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Taylorsville • Erika Williams circled her second-grade classroom at Westbrook Elementary on Tuesday, placing papers on top of empty desks.
She hoped to be done working around 4 p.m., but every time she thought she was finished, she remembered one more thing to do.
"It was very overwhelming last week, because I still had a lot of chaos in my brain," Williams said. "The more organized I get, the better I feel."
Just outside the school, in a portable double-wide trailer, Brittnee Hinton was putting the finishing touches on her fifth-grade classroom.
"I'm really close," she said. "I came in the first week of August and have been here at least five hours a day since then."
Williams and Hinton will start their careers as teachers Wednesday, when the school year begins for Granite School District.
Both are recent graduates of the University of Utah and student-taught at Westbrook as part of their studies.
That familiarity with the school and its staff, as well as preparation time during the summer, eased some of their fears ahead of the first day of school.
"I'm excited," Hinton said. "I already know I'm not going to get any sleep tonight."
But some teachers won't have the benefit of weeks or even days to set up for the school year.
With the clock running down on summer break, Utah school districts still are working to fill open teaching positions.
On Tuesday, Canyons School District was looking for four elementary teachers and a part-time Spanish teacher, with students set to arrive Wednesday morning.
"The four elementary classes will [start with] a substitute," Canyons spokeswoman Jennifer Toomer-Cook said. "Sometimes we just have to search a little longer to find the right fit."
With one week before classes begin, Jordan School District still had 22 job openings, including nonteachers. Salt Lake City School District was working to fill four full-time teaching positions.
And while Williams and Hinton were finishing up at Westbrook, Granite administrators were interviewing candidates for two full-time teachers and one part-time position.
Despite having little time to spare, district spokesman Ben Horsley said the district had been in worse fixes.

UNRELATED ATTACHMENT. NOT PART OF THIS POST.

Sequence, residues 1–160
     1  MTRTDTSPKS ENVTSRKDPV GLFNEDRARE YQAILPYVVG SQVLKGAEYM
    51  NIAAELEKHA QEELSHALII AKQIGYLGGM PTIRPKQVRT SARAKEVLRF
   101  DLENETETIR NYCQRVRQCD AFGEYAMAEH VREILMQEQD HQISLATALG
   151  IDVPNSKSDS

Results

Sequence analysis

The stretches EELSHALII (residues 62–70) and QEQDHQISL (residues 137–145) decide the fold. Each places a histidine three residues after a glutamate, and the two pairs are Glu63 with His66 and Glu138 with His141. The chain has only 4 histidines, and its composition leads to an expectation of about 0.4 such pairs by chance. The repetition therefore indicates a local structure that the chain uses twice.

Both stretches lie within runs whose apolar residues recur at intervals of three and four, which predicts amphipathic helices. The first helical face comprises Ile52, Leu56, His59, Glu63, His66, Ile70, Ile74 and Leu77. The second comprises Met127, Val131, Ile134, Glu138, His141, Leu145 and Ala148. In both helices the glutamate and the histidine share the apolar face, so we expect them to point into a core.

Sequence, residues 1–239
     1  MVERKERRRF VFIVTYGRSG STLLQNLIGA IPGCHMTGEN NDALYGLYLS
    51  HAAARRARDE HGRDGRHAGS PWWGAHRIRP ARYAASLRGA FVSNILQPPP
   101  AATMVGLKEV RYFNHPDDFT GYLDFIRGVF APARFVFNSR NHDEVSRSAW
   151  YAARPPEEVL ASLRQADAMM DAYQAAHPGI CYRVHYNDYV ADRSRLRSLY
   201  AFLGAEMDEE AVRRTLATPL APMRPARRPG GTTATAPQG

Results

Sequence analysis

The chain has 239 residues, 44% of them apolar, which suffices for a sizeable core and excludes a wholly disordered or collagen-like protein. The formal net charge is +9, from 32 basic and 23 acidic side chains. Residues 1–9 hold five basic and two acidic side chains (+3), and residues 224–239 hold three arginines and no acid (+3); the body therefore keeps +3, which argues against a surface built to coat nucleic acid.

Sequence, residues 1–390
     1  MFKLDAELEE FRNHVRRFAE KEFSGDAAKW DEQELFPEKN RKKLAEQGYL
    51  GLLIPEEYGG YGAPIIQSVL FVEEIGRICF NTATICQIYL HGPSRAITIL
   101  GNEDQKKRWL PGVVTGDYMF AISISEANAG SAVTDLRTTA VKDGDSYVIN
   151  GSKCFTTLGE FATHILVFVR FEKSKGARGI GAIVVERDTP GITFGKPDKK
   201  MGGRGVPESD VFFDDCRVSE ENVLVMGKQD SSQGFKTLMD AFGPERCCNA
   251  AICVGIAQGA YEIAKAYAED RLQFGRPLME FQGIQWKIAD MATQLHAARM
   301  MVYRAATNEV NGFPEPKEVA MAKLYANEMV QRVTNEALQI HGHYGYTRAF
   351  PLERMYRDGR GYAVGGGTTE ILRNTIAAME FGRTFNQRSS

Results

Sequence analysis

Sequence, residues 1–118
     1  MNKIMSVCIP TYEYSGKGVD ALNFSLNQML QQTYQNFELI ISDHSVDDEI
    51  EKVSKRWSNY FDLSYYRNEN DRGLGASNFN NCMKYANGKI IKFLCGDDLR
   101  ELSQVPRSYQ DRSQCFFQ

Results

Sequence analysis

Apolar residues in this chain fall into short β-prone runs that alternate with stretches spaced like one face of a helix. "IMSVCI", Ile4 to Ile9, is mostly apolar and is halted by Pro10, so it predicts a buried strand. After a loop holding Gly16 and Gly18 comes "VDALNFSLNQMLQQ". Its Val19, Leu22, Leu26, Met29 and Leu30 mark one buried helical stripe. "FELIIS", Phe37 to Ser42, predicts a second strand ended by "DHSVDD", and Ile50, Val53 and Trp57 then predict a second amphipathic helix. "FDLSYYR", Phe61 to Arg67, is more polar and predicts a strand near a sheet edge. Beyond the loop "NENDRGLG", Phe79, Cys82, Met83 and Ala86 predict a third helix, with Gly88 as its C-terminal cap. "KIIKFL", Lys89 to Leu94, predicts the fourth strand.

"Even a month out," he said, "we've had as many as 60 to 80 positions still open in the past."
In Utah and around the country, educators and administrators report a teacher shortage as schools work to staff their classrooms for the year.
Enrollment in education-degree programs has fallen, prompting some states to recruit novice teachers with incomplete teaching credentials to fill open positions.
Between 2012 and 2013, the most recent years for which statewide figures are available, the number of students studying to become teachers fell at Brigham Young University, Southern Utah University, University of Phoenix, University of Utah, Utah State University, Weber State University, Westminster College and the Utah State Office of Education's Alternative Route to Licensure program.
An increase of 400 would-be teachers enrolled in the online Western Governors University offset the state's overall loss, but the downward trend is expected to continue beyond 2013 as students look past education to other careers.
"You have to ask yourself: Would you want to go into a profession that's under constant attack?" Utah Education Association President Sharon Gallagher-Fishbaugh said.
There are several factors contributing to the teacher shortage, she said.
The recent push for accountability, she said, which grades schools based on test scores and ties teacher pay to student performance, have diminished the appeal of the profession.
And teachers are feeling beleaguered and disrespected, she said, after years of managing large classrooms on low salaries the result of Utah's status as the lowest-funded public education system in the country in terms of per-student allocations.
"As with any business," she said, "in order to attract and retain teachers, or any employee for that matter, you need to be able to offer them a competitive wage and a livable wage."
Besides political and economic pressure, the potential teacher pool also changes with the economy.
As marketplace conditions improve, Salt Lake City School District spokesman Jason Olsen said, low-paying jobs like teaching become less attractive.
"When the economy is good, there's lots of other jobs out there," he said. "Our number of people we have to hire from goes down."
The district logged a number of retirements and resignations that were announced late in the summer, Olsen said, adding to the stress of staffing schools.
"That left us scrambling a little bit through July and through August as well," he said.
Horsley said Granite district recently implemented a $500 signing bonus and insurance incentives to attract new teachers. Those changes were made with the teacher shortage in mind to make the district more competitive in a shallow candidate pool.
"When you're in a tough market condition," Horsley said, "you're going to lose teachers who jump districts to get another step or two."
Nationally, about half the new teachers abandon the profession within their first five years in the classroom.
Williams said she was told that statistic on her first day at the U., but it didn't discourage her from pursuing a career in education.
The 36-year-old mother of three said she loves teaching and was excited to have a work schedule that mirrors her children's schooling.
"I'm in a point in my life where I know what I want to do," she said, "and I'm going to stick with it."
Teaching is not for the faint of heart, Williams said. But for those who are serious about education and children, it can be a rewarding career.
"You're here for the kids at the end of the day," she said. "That's really why you go into teaching."